Aaron Ellis stared at the blinking cursor next to his bank account balance. It was one of the few things he used his computer for besides the occasional evening of watching free porn. The four-year old machine had been a splurge when he'd first returned from Afghanistan. Although refurbished, the computer had seen him through the first six months of his life after he was discharged from the Army.
He glanced around the minimally furnished, one-bedroom apartment. It had taken a leap of faith to move out of the garage apartment loaned to him by Matt Jeffries and into the newly constructed apartment building at the edge of town. When he'd first moved to Cattle Valley he wasn't expecting to stay long, but over time he'd started to build relationships with the men at the fire station and his therapist, Dr Pritchard.
The account balance in front of him would barely cover the cost of the purchase he had in mind. To make it worse, it was an unnecessary extravagance.
The intricately carved headboard he'd spied through the window of Falling Limb Creations would eat away the rest of his meagre savings, but he hadn't been able to think of anything else for three weeks. Since the moment he'd first spotted the handmade headboard, he'd made it a point to go by the store every chance he got to make sure no one else had bought it. He hadn't allowed himself the luxury of going inside the shop. The thought of touching the soft-looking wood and not being able to own it was too much.
The responsible thing would be to wait until he saved enough to leave the cushion in his account that his grandmother had always insisted on. Aaron groaned as he ran his fingers through his short blond hair. Responsible was a label he'd been stuck with since the death of his parents when he was sixteen. Under the supervision of child services, Aaron had not only made funeral arrangements, but he'd been the one to pack up his family's belongings and arrange for the sale of the house his mother and father had purchased only ten years earlier.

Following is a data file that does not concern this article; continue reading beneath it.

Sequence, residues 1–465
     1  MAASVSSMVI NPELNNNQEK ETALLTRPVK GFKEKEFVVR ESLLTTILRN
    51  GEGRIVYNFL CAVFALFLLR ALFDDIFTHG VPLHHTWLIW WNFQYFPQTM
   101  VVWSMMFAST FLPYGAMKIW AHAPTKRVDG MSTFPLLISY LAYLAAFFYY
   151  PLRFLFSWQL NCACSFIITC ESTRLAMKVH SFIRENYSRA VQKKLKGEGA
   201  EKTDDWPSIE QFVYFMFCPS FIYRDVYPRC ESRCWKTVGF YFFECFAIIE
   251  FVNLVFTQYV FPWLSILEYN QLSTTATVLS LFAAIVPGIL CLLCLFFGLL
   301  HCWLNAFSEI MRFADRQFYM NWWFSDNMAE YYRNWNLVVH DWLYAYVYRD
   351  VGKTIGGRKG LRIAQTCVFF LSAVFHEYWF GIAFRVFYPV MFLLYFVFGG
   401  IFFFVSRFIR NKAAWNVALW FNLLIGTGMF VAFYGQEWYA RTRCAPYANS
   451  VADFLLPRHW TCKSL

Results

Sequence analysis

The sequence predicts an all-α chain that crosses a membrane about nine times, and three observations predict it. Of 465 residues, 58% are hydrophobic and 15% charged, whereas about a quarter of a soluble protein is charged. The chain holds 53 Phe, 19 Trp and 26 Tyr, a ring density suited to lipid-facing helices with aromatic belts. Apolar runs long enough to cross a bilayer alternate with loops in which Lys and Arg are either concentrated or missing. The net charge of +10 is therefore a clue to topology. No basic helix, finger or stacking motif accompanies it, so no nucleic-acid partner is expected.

With enough money to help with bills and college, Aaron had left Virginia to live with his only living relative, his grandma Alice, in Urbana, Ohio. Life had been bearable for the first year, but one catastrophe after another had quickly eaten away Aaron's savings. It wasn't his grandma's fault. At seventy-eight, Alice hadn't been in good health when she'd been left with the task of raising Aaron. A series of strokes had left his grandma bed-ridden and in need of medical attention that her social security didn't quite cover. Add in constant maintenance of her two-hundred-year old farmhouse and it didn't take long to deplete Aaron's college money.
I'm gonna do it, he thought and powered down his computer. For seven years, he'd done what he'd had to do. It was time he did what he wanted to do. Aaron grabbed his coat from off the back of the kitchen chair and left the apartment before he could talk himself out of it.
It was a quick five-minute drive to downtown Cattle Valley. Soon, he was parked in front of Falling Limb Creations. His heart sank as he stepped up to the front display window only to find out the headboard was gone. Aaron's chest tightened as he realised he'd waited too long. It was just a piece of furniture, he tried to tell himself. So why did it feel like so much more?
A knock on the glass startled him, causing Aaron to drop his keys on the sidewalk. He bent and picked them up before coming face to face with the handsome man he'd seen through the window several times. Although he'd never officially met Deacon McConnell, his co-worker, Luke, often talked of his new friend. Deacon motioned Aaron inside.
Aaron shoved his keys into his pocket and opened the shop door. A small set of brass bells strung over the entrance welcomed Aaron into the amazing store.
"It's not there," Deacon said, leaning heavily on his cane.
"I see that," Aaron acknowledged.
Deacon stared at Aaron for several moments. "Come with me."
Aaron hesitated, but eventually followed Deacon to the back of the store into what appeared to be the workroom. The smell of wood wrapped around Aaron like a warm blanket, reminding him of the years spent chopping wood with his dad in Virginia.
"I've seen you admiring this, so I thought I'd put it back for you," Deacon said, lifting a drop cloth off the coveted headboard.
Aaron reached out and touched the bluebells and violas carved into the woodland scene. "I can't believe you did this for me," he replied, without taking his eyes off the headboard. "How'd you know I'd decide to buy it?"
Deacon stepped up beside Aaron. "I saw it in your face the first time I noticed you admiring it. When you returned almost every other day, I figured you'd eventually be in. Turns out I was right."